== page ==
“If we’re heading down a pathway in which the world delays climate action, at what point does the social norm about saving for the future break down? At what point do people say, ‘I’m going to spend my money while I can’, so we end up in a society where nobody saves? How uncertain and volatile must the economy be before saving and insurance take lower priority than immediate needs? None of these things are accounted for in scenarios for actuarial processes.”
Crugnola-Humbert points to the growing gap between the most advanced companies and other practitioners, with minimal regulation on investing in thermal coal or in new oil exploration, for example. “Big companies that are members of the net-zero alliances are moving beyond that and excluding it, but it’s still allowed from a regulatory point of view, and you don’t yet have any green or brown factors that would discourage it in capital calculations and capital management.
“I’m worried that there’s a huge gap, becoming bigger by the day, where some opportunistic financial players that don’t care much about their public reputation and society at large would keep financing and insuring it.”
Legal & General was one of the first UK insurance companies to publish a TCFD report; it has now done so for the past three years. “Starting is the most important thing you can do,” says Walford, acknowledging that “a lot of what we’re doing in this space is on a best endeavours basis” and that the process will “evolve and mature”.
Hedge funds will be required to start reporting to TCFD over the next two to three years depending on their size, with bigger pension funds expected to do it sooner. “Just about everybody’s going to be caught up in it,” points out Jessop.
Are there lessons for TCFD from Own Risk and Solvency Assessment (ORSA)? Crugnola-Humbert describes ORSA as a “default box for climate risks”, traditionally involving a three-to-five-year business planning horizon, and adds that, for climate change scenarios to be meaningful, “we need to look several decades ahead”.
Comparability is a contentious point, with regulators, investors, NGOs and civil society trying to make sense of individual factors that land in ORSA. This is highlighting a skills gap. “Every year, every actuary in every country should have some continuous education about sustainable finance and climate change, both from a qualitative and quantitative point of view,” Crugnola-Humbert says.
Rayner argues that TCFD is “not just about disclosure” but also making sure companies have thought about climate risks and opportunities – particularly when it comes to governance structures and risk management. Transition plans need to be credible. “If a company says ‘we’re going to offset our Scope 3 emissions by planting trees over the whole planet’ and you have 17 competitors in your industry all saying the same thing, we only have one planet, so that’s clearly not possible,” she says.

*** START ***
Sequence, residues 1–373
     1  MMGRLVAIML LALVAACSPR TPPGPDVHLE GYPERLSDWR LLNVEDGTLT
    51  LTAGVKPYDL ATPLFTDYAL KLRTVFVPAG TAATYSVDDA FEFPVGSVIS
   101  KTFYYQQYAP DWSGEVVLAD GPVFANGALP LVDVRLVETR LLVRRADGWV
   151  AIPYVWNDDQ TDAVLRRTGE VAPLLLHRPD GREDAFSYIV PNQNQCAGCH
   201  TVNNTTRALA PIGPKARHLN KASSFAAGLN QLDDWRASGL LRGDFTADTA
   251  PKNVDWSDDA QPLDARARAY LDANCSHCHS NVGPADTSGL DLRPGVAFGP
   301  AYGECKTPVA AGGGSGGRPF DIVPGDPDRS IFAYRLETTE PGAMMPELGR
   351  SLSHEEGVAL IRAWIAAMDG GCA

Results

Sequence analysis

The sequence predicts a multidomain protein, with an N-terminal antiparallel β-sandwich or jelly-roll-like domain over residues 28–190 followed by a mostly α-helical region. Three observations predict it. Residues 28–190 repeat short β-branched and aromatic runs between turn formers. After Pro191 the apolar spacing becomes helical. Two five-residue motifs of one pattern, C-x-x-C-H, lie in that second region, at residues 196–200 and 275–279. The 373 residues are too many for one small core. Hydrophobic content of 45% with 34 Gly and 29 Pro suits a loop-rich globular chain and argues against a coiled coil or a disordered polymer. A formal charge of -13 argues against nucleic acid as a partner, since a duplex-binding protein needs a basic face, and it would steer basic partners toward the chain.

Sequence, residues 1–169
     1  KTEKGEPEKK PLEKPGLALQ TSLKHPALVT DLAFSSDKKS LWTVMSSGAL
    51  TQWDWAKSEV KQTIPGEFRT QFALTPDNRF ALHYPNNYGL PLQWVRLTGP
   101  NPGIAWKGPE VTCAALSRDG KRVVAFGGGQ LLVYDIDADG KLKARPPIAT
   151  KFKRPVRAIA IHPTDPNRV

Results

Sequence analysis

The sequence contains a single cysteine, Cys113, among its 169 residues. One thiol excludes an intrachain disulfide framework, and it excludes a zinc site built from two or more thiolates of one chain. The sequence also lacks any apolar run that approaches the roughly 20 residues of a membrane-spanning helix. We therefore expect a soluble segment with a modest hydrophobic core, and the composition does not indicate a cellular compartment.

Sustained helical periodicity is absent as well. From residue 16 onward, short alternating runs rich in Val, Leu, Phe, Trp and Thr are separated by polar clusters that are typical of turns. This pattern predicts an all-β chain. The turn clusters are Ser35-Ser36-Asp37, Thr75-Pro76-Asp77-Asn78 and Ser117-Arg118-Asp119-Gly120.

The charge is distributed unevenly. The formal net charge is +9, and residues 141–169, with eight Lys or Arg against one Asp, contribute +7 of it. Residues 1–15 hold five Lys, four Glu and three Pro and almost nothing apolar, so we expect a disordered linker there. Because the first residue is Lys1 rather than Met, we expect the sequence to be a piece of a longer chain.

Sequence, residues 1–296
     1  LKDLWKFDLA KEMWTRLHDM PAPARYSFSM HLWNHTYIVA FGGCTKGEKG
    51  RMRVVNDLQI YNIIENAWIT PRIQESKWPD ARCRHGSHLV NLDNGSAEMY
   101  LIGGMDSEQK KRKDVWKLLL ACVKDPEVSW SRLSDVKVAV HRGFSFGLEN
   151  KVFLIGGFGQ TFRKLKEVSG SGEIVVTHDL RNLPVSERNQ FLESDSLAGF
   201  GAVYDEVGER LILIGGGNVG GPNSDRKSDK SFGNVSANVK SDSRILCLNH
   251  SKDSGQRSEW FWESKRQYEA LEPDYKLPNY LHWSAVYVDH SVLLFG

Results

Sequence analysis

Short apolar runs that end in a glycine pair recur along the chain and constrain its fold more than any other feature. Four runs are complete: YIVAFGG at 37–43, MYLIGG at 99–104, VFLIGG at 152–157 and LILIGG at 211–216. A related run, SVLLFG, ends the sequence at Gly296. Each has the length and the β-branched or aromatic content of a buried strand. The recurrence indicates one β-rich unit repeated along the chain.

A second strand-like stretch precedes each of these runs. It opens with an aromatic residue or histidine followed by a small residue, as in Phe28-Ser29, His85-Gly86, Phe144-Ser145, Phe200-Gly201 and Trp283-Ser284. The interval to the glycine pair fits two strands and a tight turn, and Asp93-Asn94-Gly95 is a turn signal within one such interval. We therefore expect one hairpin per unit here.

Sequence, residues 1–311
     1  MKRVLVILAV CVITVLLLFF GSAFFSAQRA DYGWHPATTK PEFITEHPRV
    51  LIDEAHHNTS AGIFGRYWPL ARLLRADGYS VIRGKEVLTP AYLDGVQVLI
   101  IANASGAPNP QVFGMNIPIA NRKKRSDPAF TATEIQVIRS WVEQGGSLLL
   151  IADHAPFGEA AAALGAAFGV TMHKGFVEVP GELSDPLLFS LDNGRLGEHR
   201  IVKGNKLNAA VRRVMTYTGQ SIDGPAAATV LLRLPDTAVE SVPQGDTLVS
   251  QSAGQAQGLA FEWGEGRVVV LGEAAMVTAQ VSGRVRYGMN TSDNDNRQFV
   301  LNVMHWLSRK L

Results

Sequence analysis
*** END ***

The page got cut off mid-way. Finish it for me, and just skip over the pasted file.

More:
Jessop notes that various methodologies and metrics are being applied to transition plans to enable advisers to “boil an assessment of a plan or firm down into a single number that you can link back to your view on what outcome you’d like to see”, with some assessment models looking at how carbon budgets should be divided up. “If you think about what happens at a global level when different companies make commitments based on scientific modelling, you start to see that being brought down to sector-level exposures and potentially firm-level exposures,” he says.
“There isn’t just one metric that works – a lot of them are evolving over time”
“With a lot of forward-looking metrics there are limitations, so they provide nothing more than an opinion on how well aligned you are. I personally like some of the metrics that focus as much on how you’ve done over the past few years, and are actually looking at progress to decarbonising or reducing your carbon intensity as a firm.”
For Walford, this raises questions about the purpose of metrics and targets. Huge systemic change is needed in the industry’s thinking and approach, but also globally and in the real economy, as well as in the directing of capital flows, she says. “Some of the firms that will be most pivotal in achieving a net-zero outcome may currently have a high carbon footprint, but are strongly investing in transitioning. They need to incorporate a full suite of metrics to be able to understand all the different exposures and what’s needed to support the strategic plan on transitioning. There isn’t just one metric that works – a lot of them are evolving over time.”
The elephant in the room is greenwashing; Crugnola-Humbert calls it “worse than climate inaction” because it creates the illusion that climate change is being addressed and the financial sector will “save the world”. He thinks actuaries have a role to play in giving a “clearer view of what’s green and what’s not”. This will mean working to a common framework; the EU and the UK are working on taxonomies. “This is not perfect, and there will always be loopholes and it is subject to fierce lobbying battles, but at least it gives a level playing field.”
Actuaries, investors, regulators and companies must still look at first principles, Rayner says. “If we fail in our response to climate change, we won’t have investment, we won’t have the economy, we won’t have our houses, we won’t have humanity. Without a habitable biosphere, all of those things disappear. It can’t just be a factor. It is the context, the theatre in which our lives, the economy, the market, everything else exists. Without the theatre, what are we doing? I think that’s the way we’ve got to look at it if we want our investment decisions to create a future worth living in.”
Sandy Trust, roundtable chair and chair of the IFoA sustainability board
Lars Erik Mangset, KLP chief climate change adviser
Nick Jessop, Moody's Analytics head of scenario modelling research
Wendy Walford, Legal & General head of climate risk
Jérôme Crugnola-Humbert, Deloitte director of sustainability services
Kaisie Rayner, Royal London climate change lead